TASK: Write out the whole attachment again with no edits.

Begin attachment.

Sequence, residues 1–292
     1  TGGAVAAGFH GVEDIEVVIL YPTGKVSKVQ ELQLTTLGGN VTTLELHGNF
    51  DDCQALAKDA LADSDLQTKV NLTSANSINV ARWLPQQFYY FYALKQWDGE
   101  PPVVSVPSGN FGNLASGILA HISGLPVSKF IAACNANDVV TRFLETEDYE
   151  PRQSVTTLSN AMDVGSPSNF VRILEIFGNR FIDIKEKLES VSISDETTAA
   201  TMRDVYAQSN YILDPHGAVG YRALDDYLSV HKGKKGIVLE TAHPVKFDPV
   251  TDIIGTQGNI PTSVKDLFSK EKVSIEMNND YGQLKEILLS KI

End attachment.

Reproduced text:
Sequence, residues 1–292
     1  TGGAVAAGFH GVEDIEVVIL YPTGKVSKVQ ELQLTTLGGN VTTLELHGNF
    51  DDCQALAKDA LADSDLQTKV NLTSANSINV ARWLPQQFYY FYALKQWDGE
   101  PPVVSVPSGN FGNLASGILA HISGLPVSKF IAACNANDVV TRFLETEDYE
   151  PRQSVTTLSN AMDVGSPSNF VRILEIFGNR FIDIKEKLES VSISDETTAA
   201  TMRDVYAQSN YILDPHGAVG YRALDDYLSV HKGKKGIVLE TAHPVKFDPV
   251  TDIIGTQGNI PTSVKDLFSK EKVSIEMNND YGQLKEILLS KI